The Hensley Field Operations Center in Dallas received a LEED gold rating for new construction. Photo: USGBC
The Summit County (Colo.) Materials Recycling Facility was the first green-built recycling center in the country and was recognized by the Green Globes environmental assessment and rating system for commercial buildings. Photo: GBI
Mention “sustainable design,” and the first thing that pops into most builders'heads is the U.S. Green Building Council's Leadership in Energy and Environmental Design certification program, commonly known as LEED.
This non-profit organization's mission is to give feedback on how green your building is. It certifies the construction of buildings that are environmentally sustainable, which means that you can meet today's environmental building design and construction needs without compromising those of future generations. The concept ranges from using solar panels to lower energy consumption, planting native flowers and grasses to help ease stormwater issues, and using locally acquired construction materials.
What you may not know, however, is that there is an alternative to the 69-point LEED rating system that's gaining awareness with architects and engineers.
The Green Building Initiative (GBI), also a non-profit organization, offers a slightly different commercial building rating system, though the ultimate goal is the same: to design or rehabilitate a building to be more energy-efficient, have less impact on the environment, and achieve overall sustainability.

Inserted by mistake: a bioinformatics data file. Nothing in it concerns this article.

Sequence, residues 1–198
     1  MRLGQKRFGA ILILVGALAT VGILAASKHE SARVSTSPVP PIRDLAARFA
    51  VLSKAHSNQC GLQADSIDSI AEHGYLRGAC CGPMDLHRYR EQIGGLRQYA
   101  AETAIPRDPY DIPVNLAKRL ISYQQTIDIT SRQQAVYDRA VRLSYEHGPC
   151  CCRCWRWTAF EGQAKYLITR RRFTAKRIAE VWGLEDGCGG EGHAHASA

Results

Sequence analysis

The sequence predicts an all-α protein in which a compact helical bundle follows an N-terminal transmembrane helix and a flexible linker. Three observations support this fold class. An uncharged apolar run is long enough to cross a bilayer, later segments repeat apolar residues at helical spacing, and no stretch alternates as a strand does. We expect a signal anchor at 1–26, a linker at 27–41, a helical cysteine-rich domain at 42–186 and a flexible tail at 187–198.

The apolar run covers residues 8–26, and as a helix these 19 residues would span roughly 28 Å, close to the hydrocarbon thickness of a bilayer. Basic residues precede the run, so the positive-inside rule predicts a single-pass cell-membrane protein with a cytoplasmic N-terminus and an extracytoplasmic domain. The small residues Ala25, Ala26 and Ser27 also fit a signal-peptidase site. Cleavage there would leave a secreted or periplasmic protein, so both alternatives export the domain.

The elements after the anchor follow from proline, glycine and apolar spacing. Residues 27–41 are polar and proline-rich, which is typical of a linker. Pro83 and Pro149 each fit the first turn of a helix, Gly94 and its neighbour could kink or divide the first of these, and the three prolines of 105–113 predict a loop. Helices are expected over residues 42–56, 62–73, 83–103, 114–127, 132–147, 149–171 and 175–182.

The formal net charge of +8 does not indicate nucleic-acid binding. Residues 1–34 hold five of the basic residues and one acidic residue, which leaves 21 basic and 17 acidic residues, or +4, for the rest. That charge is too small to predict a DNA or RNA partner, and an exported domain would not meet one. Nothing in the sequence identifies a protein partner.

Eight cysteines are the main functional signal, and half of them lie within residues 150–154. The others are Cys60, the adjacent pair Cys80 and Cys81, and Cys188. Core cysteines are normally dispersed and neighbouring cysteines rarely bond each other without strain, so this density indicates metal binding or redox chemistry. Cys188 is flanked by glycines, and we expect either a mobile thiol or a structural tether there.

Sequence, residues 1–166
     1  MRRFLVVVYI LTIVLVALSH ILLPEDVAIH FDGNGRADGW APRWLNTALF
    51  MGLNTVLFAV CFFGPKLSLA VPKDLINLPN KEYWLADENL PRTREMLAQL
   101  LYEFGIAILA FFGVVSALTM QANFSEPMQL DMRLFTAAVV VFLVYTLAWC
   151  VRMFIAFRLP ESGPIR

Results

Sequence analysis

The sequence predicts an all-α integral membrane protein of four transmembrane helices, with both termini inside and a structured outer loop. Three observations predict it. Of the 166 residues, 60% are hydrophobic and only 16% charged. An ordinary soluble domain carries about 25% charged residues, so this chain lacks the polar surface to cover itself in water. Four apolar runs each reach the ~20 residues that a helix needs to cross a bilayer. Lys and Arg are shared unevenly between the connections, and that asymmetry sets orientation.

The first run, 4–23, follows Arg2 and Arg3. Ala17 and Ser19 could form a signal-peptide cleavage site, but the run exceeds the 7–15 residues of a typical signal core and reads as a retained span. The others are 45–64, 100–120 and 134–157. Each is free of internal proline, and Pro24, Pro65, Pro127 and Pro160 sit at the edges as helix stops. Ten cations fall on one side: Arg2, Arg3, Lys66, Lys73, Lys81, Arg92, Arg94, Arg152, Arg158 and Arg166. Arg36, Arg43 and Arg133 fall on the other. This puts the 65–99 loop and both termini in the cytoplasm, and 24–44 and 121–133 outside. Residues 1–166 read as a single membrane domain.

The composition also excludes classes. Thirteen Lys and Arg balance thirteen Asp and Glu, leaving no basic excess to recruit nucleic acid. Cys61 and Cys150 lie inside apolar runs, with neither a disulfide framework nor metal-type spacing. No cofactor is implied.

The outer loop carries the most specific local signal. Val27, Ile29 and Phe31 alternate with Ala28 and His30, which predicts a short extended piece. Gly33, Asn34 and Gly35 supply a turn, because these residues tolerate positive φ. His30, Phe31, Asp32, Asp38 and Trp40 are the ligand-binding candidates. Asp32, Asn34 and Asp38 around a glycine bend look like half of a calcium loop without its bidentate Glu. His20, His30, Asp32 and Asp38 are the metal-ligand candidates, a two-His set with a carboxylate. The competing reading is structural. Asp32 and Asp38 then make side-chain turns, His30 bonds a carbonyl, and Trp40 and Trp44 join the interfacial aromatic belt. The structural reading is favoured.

GBI's commercial program, called “Green Globes,” is an interactive, online, 1000-point tool that includes an assessment protocol, rating system, and guide for integrating environmentally friendly design into both new and existing commercial buildings. Green Globes guides users through the process, helping them determine the next step they need to take to incorporate sustainable goals. Users answer a series of questions, each of which leads them to the next level, much like a “choose your own adventure” novel.
“Green Globes is a natural outgrowth of the green movement,” says Vicki Worden, head of commercial programs with GBI.
On the municipal level, there are nearly 230 projects that have achieved LEED certification, and the number continues to climb. More organizations (both public and private) join the movement each year, and achieving certification can be a feather in your municipality's cap.
Building green doesn't stop at the building's structural level, either.
The U.S. Green Building Council, along with the Natural Resources Defense Council and the Congress for New Urbanism, has begun testing “LEED for Neighborhood Development,” which offers sustainable building practices for an entire community. While your municipality may not have the luxury of starting from scratch, city planners in areas with new development can review this pilot program to determine whether it might be beneficial.
And for those cities that have buildings they'd like to rehabilitate, they can turn to either LEED for Existing Buildings or Green Globes.